More than 250 truck drivers, many of them of Indian-origin have had their multi combination (MC) licences revoked after the state's Transport and Main Roads found that they weren't assessed as per the required standard.
Over 250 truck drivers, many of them of Indian-origin found themselves in the firing line in Queensland after the state’s Department of Transport and Main Roads suddenly revoked their Multi-Combination Heavy vehicle licences in a spate of cancellations.
TMR claims that it discovered during a routine audit that the training and assessment of drivers delivered by Brisbane-based ‘Aegis Training Services Pty. Ltd.’- the registered training organisation that issued the MC licences did not meet their required standards.
In response to SBS Punjabi’s query, TMR said: “The issue of MC training provided by Aegis Training Services Pty. Ltd. is a serious matter under investigation by TMR and Queensland Police which is why we have removed their approval to deliver Statements of Attainment for licence class MC [multi combinaiton].”
But Aegis Director John Bougoure has strongly refuted TMR’s allegations.
Though he conceded there were "minor clerical errors" in the record and on one occasion an Aegis affiliated contractor did use an unregistered trailer, Mr Bougoure said it would be "surprising" if those errors could have resulted in such a "harsh action".
“Aegis Training Services Pty Ltd has never withheld, attempted to withhold or deceived any regulatory authority in relation to the delivery of any course, qualification, Statement of Attainment or any other training or assessment processes,” said Mr Bougoure.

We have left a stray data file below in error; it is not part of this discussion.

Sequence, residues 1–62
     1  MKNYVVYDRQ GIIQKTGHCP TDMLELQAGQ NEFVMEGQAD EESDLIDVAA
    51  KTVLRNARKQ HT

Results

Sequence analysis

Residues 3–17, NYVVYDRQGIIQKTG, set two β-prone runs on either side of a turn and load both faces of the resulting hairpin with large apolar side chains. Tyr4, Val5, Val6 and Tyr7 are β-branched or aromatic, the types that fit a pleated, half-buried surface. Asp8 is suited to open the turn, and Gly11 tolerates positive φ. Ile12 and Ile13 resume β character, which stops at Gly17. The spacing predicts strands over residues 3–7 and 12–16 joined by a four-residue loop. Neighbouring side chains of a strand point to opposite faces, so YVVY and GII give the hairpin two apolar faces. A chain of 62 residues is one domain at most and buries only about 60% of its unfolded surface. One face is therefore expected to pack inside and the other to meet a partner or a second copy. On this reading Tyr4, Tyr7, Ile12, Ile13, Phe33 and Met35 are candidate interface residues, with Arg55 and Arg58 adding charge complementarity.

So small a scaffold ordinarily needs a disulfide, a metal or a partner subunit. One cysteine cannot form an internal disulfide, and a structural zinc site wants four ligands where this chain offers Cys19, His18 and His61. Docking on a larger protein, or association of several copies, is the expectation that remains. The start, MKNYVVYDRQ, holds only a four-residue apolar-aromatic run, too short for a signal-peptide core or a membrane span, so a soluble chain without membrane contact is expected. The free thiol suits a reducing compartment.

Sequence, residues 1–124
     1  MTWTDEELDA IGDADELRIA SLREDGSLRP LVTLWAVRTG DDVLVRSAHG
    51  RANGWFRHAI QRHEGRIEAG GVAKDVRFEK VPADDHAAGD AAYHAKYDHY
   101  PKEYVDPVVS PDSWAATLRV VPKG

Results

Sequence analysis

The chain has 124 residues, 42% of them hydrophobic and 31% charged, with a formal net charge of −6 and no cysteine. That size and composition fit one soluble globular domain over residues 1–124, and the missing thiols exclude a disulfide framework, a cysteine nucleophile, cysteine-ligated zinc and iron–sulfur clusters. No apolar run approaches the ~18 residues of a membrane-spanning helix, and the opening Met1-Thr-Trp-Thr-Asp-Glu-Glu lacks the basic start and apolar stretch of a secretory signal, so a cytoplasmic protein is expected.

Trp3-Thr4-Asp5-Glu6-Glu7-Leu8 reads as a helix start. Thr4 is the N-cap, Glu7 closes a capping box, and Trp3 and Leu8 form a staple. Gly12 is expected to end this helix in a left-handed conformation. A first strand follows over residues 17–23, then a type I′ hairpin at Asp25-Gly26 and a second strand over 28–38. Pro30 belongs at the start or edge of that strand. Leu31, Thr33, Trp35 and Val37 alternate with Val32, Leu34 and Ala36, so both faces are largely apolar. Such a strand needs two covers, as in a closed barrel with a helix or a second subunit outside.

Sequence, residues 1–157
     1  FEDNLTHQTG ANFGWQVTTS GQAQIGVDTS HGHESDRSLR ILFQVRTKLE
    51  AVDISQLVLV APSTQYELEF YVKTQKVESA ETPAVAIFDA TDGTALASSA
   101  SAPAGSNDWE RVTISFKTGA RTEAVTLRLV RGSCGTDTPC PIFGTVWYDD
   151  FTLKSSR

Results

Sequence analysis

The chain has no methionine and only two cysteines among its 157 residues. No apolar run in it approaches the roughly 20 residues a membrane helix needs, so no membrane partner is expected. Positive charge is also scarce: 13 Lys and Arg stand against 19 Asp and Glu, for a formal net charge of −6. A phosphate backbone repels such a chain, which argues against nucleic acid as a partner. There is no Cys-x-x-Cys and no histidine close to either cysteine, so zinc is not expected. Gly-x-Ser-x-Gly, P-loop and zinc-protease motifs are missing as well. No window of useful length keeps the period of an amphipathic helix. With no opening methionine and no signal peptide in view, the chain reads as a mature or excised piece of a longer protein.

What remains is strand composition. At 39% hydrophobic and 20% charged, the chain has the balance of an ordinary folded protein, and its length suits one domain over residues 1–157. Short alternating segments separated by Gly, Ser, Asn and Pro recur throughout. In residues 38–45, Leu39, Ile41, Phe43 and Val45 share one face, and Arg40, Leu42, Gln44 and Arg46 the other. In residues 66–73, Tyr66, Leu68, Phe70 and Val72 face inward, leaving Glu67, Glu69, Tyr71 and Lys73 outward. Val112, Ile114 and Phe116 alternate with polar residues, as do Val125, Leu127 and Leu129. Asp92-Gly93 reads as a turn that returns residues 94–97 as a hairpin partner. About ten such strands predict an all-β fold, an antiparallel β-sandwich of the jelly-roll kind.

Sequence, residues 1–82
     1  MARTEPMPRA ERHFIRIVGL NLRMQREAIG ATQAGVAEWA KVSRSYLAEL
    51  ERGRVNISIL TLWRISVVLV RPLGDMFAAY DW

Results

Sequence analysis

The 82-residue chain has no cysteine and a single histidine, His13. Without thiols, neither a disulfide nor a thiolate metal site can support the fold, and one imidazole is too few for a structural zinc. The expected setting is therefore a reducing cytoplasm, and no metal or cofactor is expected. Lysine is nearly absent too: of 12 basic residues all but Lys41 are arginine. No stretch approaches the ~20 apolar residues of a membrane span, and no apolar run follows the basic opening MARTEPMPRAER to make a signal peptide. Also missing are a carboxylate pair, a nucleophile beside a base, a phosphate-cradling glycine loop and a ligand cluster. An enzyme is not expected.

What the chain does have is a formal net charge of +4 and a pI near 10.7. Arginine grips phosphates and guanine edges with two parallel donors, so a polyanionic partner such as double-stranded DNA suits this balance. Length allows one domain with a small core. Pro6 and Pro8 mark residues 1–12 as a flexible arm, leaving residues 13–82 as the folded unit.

But it's the truck drivers who are the hardest hit, many of whom claim that they have lost their livelihood in the process. Brisbane-based Jay* who had recently acquired his licence through Aegis told SBS Punjabi that his whole life has come to a standstill.
“I was shocked to have received the cancellation notice. I had this big opportunity in front of me that could have changed the course of my life but all went down the drain when my licence was revoked,” said Jay.
Jay is now driving a smaller truck instead of an MC that would normally get him a far higher salary than he pockets now. Affected drivers have also questioned the nature of services delivered by training schools.
“Most of these service providers believe in a tick-and-flick kind of training where you go, pay and wham! you have a licence within the hour,” he alleged.
But this too has been vehemently denied by Mr Bougoure.
“We do not run a “Dodgy” operation. Aegis Training Services Pty Ltd will NEVER condone or use any form of “Tick & Flick” assessment processes and if it is discovered that anyone that is contracted to us does this form of assessment there contract/partnering with Aegis Training Services Pty Ltd will be IMMEDIATELY terminated,” he said.
Meanwhile, TMR has given the affected drivers a minimum of 28 days to respond why their licences should not be removed before taking any action against their licences.
MC trucks are the biggest vehicles on Australian roads and a massive responsibility is placed on drivers operating these heavy and extremely powerful vehicles. An MC class licence is arguably the pinnacle qualification for the transport industry.
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